“I grant my executor all power required to deal with my affairs in the event of my death.  This include all powers to sell any part of my estate not mentioned below at his discretion and be given the proceeds after any associated fees that requires paying off.”

  1. Specifically, the Will stated:

“After all debt has been paid off including hotel bills, credit card bills etc. as well as expenditure required to execute my will from my savings account at both Westpac and Ubank, as well to cover my share of rent at 22/121 Thynne street Bruce ACT until the conclusion of the lease in late December, I would like the remainder of my cash equally apportioned between five parties: Jason Yu, Kinson Yu, Steffen Aufsatz and Dominic Clarke.”

  1. The Will stated that should any of them decline, their share was to be divided equally amongst the remaining.  At paragraph 8, the Will stated:

Anything else I own that has not been named is to be handled by my executor at his discretion. And any proceeds will go to him as stated above.

What constitutes ‘cash’?

  1. This application seeks directions about the proper construction of the Will and in particular what is to be considered as ‘Cash” as described.  
  2. I am satisfied that all of the beneficiaries in relation to this Will have been advised of this application. 
  3. I have received material from one of those beneficiaries, namely, Dominic Clarke, who has forwarded an affidavit signed on the 7th of December 2015.  That is exhibit 1 in these proceedings.
  4. In his affidavit, Mr Clarke states that he believes that due to the nature of his employment, the deceased had a strong understanding of the superannuation system and would have been aware that superannuation is considered a cash benefit.  He states that as a fellow employee of the Australian Tax Office, he understood specific terminology and language, and that the deceased would have chosen his words carefully in accordance with his understanding of the superannuation system.  He states that he believes the deceased chose to use the language “cash” because he would have considered his superannuation and life insurance as cash benefits or assets.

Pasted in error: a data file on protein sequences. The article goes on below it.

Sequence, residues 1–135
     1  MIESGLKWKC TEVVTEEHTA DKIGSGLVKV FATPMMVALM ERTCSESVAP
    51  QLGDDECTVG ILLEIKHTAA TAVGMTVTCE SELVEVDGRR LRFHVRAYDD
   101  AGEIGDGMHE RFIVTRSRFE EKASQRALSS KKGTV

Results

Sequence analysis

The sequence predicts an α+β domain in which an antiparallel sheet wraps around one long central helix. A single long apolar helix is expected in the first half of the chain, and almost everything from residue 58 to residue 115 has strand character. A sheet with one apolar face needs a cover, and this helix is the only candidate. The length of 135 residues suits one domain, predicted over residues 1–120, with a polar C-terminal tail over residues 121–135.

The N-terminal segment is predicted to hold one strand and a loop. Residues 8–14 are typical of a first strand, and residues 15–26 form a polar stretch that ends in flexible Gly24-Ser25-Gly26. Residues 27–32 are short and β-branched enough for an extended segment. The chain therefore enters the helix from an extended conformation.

5. Mr Clarke argues that the deceased chose this wording deliberately in order to clearly separate all cash assets from physical assets, as he goes into specific detail about his house, television, games and DVDs in subsequent paragraphs.  Mr Clarke argues that this level of specificity suggests that he did not consider anything else he owned that has not been named to be significant cash assets.  He, therefore, considers that all of the funds in the Public Sector Superannuation Scheme, as well as the BT benefit and the Australian Tax Office benefits, should all be considered cash and shared equally between the four parties named in the Will. 
  6. There is no doubt that the applicant requires direction from the Court. The real issue is whether the amounts that I have just indicated, namely, the superannuation and the Australian Tax employment benefits, as well as the life insurance policy, which is by far the most substantial component of his estate, should be considered cash.